Building Blocks: These players will impact future of Iowa football, Ferentz
IOWA CITY, Ia. –The countdown in days to the start of the 2015 Iowa football season is in the single digits. But as much as the focus is on wins and losses during 12 Saturdays starting Sept. 5 against Illinois State, there should also be special attention paid to some younger players.
Let’s call them, without getting too dramatic, the future of the program.
In assessing 10 "building blocks" for the future of Hawkeye football, two freshmen, six sophomores and two juniors were chosen. These 10 guys will have a significant impact on how things pan out at Iowa, not only this fall but for perhaps influencing whether Kirk Ferentz coaches to the end of his well-documented contract that expires after the 2019 season:
C.J. Beathard, quarterback
Background: The family lineage is interesting enough about Beathard. He’s the grandson of longtime NFL executive, Bobby, and the son of country-music songwriter, Casey. But the kid whose childhood in the Nashville, Tenn., area was spent hanging out with folks like Taylor Swift, Kenny Chesney and Michael Vick slings a mean football, too. Yet he wouldn’t be wearing black and gold at Iowa, let alone performing as its starting quarterback, if Ole Miss hadn’t forced the resignation of Houston Nutt after the 2011 season. On the eve of National Signing Day 2012, Beathard flipped his commitment from Ole Miss, which hired Hugh Freeze to install a spread-option attack, to Iowa.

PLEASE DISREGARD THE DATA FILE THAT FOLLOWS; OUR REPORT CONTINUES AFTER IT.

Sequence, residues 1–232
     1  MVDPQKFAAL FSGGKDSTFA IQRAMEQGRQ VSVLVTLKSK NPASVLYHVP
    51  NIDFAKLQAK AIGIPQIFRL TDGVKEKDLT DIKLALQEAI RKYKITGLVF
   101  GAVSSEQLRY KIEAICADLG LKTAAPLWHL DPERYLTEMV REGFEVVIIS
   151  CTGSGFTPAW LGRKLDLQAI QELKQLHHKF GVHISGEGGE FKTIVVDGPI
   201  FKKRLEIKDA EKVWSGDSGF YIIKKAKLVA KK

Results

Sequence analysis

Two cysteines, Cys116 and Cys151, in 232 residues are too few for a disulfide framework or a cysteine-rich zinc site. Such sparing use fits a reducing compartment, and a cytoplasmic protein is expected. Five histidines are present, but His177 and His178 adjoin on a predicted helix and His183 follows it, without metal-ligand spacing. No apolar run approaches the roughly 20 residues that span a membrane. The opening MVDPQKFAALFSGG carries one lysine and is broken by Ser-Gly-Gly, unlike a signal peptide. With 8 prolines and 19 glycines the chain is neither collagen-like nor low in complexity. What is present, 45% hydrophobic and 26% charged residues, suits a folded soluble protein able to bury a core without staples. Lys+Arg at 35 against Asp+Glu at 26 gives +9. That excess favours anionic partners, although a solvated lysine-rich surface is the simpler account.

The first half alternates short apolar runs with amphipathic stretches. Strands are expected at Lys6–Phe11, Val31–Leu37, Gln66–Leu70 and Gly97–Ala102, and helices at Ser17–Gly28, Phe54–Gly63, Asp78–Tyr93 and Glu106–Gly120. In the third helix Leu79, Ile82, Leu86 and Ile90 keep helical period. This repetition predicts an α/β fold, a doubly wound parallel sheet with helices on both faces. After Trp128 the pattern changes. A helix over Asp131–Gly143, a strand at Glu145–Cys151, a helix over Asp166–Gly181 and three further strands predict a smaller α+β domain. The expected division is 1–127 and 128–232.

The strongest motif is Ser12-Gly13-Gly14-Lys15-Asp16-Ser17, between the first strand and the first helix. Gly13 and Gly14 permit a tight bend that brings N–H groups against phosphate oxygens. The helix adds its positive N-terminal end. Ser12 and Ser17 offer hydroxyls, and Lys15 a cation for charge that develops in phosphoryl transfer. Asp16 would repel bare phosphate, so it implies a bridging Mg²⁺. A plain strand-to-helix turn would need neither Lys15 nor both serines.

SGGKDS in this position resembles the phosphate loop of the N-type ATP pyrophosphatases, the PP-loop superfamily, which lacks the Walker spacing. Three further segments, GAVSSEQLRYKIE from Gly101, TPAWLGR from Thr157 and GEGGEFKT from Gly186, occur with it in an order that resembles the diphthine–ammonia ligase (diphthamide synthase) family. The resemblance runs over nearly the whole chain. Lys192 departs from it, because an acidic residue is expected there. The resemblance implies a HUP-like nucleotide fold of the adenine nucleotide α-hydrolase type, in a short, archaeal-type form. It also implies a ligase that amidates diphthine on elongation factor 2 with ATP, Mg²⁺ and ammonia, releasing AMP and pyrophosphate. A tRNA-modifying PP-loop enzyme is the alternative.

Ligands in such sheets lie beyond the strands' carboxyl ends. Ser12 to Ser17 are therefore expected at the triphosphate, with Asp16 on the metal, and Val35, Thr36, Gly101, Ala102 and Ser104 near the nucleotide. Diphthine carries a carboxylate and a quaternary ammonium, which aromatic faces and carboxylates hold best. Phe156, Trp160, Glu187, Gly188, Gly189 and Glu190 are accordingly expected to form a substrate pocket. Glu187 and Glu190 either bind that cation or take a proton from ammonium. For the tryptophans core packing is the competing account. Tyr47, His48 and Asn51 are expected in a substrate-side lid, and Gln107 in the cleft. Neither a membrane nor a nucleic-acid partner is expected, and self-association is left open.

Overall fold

2015 outlook: For all the publicity Beathard has gotten for being anointed the starter over now-at-Michigan Jake Rudock after the TaxSlayer Bowl, it’s easy to forget that outside the one game he’s started at Iowa (a 24-10 win at Purdue when Rudock was hurt), he’s taken very few meaningful snaps. That’s why he’s piqued so much curiosity in becoming the most essential building block for the next two seasons. A lot is riding on the 6-foot-2, 209-pounder’s success and health – with zero proven experience backing him up. And for that reason, 17th-year head coach Ferentz’s job stability has a heavy stake in Beathard, too.
2016 and beyond: Steadily emanating from Evashevski Drive are anecdotes of how Beathard has become a uniting leader, on and off the field, for the 84 other scholarship guys plus walk-ons. Beathard should be well-positioned for a big senior year personally, and, in meantime, he’s charged himself with grooming young QBs – Tyler Wiegers, Ryan Boyle and Drew Cook – for their eventual times to shine. Beathard is arguably the single most important athlete in Iowa City for the next two years.
LeShun Daniels Jr., running back
Background: The Warren, Ohio, native is entering his third year in the program. And 13 of his 51 career carries came in the 59-3 rout of Western Michigan in 2013. So why is he listed No. 1 in a competitive four-horse running-back derby also involving proven senior Jordan Canzeri and high-energy sophomores Akrum Wadley and Derrick Mitchell Jr.? Iowa coaches trust him. When they asked Daniels to cut 10 pounds, he did. And at 6-0, 225, he has the prototypical every-down back frame.
2015 outlook: The plan is to give Daniels every chance to be Iowa’s bell-cow for the next two years, at a more explosive rate than Mark Weisman was for the past three. “We want to get him 20-25 carries like Mark did,” running backs coach Chris White said, “and see if we can break some runs.” Staying healthy is key for Daniels, who missed the back half of last season following foot surgery. Best-case scenario, he'll average 5-plus yards a carry and be Iowa’s third 1,000-yard rusher (joining Shonn Greene in 2008 and Marcus Coker in 2011) in 10 seasons.